Ann doesn’t say anything for a minute, like she’s at a loss. Finally, she nods slowly. “Okay. I’ll let Dr. Connor know.” She writes something down. “We want to keep you for a couple days to monitor your condition, but we should be able to get you home by Friday.”

Home. Friday. These words used to mean something to Maura. Now, they’re just words. Then she realizes she still has no idea what day or time it is. “What day is it today?” she asks.

“Tuesday. June 18th.”

June 18th. Maura turns to Jane, whose gaze is now focused firmly on the floor. “I was gone for three weeks?” she says. It didn’t feel like three weeks. It didn’t feel like anything. It felt like one, horrible endless day. She watches Jane rub her hands together in a way that reminds Maura of a hundred other times she’s done it. Slowly, she knows, her brain will start to rebuild itself.

“It took a long time to connect the dots,” Jane says quietly. “Joe Harris worked really hard to make sure it looked like an inside job.”

Maura doesn’t react to that name at all. She’s not sure if that’s someone she’s supposed to know or not. “Is that who took me? Joe Harris?”

“Yeah.” Jane sighs. “I’m so sorry, Maura. Joe Harris and whoever he was working for only went after you to get to me.” She reaches out to take Maura’s hand, but Maura shifts to move it out of reach. Jane pulls her own hand back into her lap. “We’re gonna find whoever it is, okay? I promise you, we will. But whatever you can remember… it might help.”

Maura should be feeling bad for Jane right now. Jane is upset. The natural response would be sympathy. She searches inside herself for her sympathy, but finds only annoyance. I’m the one who was kidnapped and tortured. I’m the one who barely survived. She’s the one who should be feeling bad for me. “I’ll let you know if I do,” she says coolly. She doesn’t look at Jane.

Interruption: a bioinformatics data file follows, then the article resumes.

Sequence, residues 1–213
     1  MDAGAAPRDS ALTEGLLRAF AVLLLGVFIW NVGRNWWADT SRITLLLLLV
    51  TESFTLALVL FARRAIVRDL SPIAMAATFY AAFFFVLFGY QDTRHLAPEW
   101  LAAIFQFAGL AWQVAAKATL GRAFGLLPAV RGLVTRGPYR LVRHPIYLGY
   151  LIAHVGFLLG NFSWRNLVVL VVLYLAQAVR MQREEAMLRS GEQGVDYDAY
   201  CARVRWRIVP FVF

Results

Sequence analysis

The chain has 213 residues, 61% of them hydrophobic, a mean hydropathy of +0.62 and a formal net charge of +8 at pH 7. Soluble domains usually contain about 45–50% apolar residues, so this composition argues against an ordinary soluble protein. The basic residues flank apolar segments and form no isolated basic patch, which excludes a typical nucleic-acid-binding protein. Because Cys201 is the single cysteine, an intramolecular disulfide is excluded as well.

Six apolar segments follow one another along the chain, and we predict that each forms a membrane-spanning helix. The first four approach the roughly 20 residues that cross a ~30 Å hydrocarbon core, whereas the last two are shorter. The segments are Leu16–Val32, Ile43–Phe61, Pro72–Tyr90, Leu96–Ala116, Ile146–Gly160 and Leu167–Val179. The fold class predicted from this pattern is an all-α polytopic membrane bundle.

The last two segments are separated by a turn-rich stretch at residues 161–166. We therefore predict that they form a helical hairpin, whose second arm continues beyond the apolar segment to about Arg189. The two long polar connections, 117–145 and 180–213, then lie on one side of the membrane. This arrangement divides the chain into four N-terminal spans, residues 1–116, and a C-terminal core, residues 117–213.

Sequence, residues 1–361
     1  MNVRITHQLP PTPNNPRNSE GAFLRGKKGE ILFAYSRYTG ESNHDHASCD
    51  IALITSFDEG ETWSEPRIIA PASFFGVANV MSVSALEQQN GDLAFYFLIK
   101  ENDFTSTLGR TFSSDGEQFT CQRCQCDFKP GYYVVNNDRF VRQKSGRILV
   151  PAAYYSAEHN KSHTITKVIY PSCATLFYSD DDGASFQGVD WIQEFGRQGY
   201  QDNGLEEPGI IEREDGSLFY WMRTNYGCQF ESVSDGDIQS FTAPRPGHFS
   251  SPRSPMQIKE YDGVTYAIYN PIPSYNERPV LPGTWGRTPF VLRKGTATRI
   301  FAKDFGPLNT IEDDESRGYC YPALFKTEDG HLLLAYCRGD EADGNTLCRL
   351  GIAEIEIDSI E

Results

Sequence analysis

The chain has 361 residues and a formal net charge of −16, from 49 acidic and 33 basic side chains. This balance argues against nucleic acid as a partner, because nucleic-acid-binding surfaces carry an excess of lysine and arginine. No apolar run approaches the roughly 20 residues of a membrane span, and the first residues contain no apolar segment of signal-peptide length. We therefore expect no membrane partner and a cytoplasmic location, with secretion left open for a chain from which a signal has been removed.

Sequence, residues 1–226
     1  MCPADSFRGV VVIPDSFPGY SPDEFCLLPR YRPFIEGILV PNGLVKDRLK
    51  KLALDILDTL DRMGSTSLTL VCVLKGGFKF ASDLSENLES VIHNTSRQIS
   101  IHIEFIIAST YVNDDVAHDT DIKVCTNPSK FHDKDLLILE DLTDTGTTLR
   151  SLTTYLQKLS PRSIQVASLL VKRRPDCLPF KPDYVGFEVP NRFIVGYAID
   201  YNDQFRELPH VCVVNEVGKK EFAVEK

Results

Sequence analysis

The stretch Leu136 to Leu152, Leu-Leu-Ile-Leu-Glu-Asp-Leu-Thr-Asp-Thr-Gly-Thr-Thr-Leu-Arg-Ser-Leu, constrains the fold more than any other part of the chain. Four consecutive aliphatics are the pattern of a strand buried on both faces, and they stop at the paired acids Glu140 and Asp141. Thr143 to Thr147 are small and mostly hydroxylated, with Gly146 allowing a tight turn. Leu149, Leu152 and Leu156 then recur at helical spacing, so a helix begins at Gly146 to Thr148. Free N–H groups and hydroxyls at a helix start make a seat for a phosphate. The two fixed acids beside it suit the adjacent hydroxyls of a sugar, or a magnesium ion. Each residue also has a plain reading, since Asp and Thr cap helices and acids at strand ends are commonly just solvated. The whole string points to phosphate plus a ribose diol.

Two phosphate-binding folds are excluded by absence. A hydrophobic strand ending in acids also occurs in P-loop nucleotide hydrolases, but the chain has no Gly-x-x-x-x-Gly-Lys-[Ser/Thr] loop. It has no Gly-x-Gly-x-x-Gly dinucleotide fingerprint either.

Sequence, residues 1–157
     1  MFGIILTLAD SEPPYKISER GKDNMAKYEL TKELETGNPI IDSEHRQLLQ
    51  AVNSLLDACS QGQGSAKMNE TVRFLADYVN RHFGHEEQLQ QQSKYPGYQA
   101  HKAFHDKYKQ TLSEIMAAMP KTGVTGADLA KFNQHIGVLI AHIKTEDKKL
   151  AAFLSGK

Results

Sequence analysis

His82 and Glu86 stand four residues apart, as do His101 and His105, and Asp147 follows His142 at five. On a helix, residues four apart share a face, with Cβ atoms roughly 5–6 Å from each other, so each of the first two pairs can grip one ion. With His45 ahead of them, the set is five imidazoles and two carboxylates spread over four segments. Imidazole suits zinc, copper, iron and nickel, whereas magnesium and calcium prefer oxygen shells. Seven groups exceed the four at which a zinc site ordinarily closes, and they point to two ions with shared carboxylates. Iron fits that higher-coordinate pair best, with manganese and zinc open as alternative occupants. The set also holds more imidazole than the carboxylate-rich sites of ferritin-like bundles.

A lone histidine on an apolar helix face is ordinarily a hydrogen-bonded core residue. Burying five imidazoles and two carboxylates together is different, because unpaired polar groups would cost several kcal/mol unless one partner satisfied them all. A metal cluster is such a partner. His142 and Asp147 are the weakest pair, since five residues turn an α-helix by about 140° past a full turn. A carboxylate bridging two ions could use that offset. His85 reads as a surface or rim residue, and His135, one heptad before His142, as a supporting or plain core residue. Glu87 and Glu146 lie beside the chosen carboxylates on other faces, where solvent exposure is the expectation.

The clock on the wall tells Maura it’s just past 1:00 in the afternoon. She wonders when visiting hours will end, when she’ll be allowed to truly rest. She knows everyone else will want to see her. She can’t deny them of that. Can she?

The thought barely has time to leave her mind before Angela comes in, a flurry of energy, and runs right to the bed to lean down and capture Maura in a tight hug. Alarm bells are sounding in every part of Maura’s body. She freezes for a second, waiting for her arms to respond to her brain’s commands. Finally, her body comes back into focus and she shoves Angela off of her, breathing heavily as the weight leaves her.

Angela looks like she’s been slapped. She looks at Jane, not Maura but Jane, for an explanation.

Jane sighs. “She’s been through a lot, Ma. She needs her space.”

“Of course.” Angela sinks into the chair beside Jane with a strange look on her face. “I’m sorry, Maura.”

“It’s okay.” It’s not okay. Maura frowns. Why did she say that? She glances around, looking for something, anything to change the subject. She can’t stand looking at Angela’s kicked puppy face. “How is everyone else? Do they know everything?”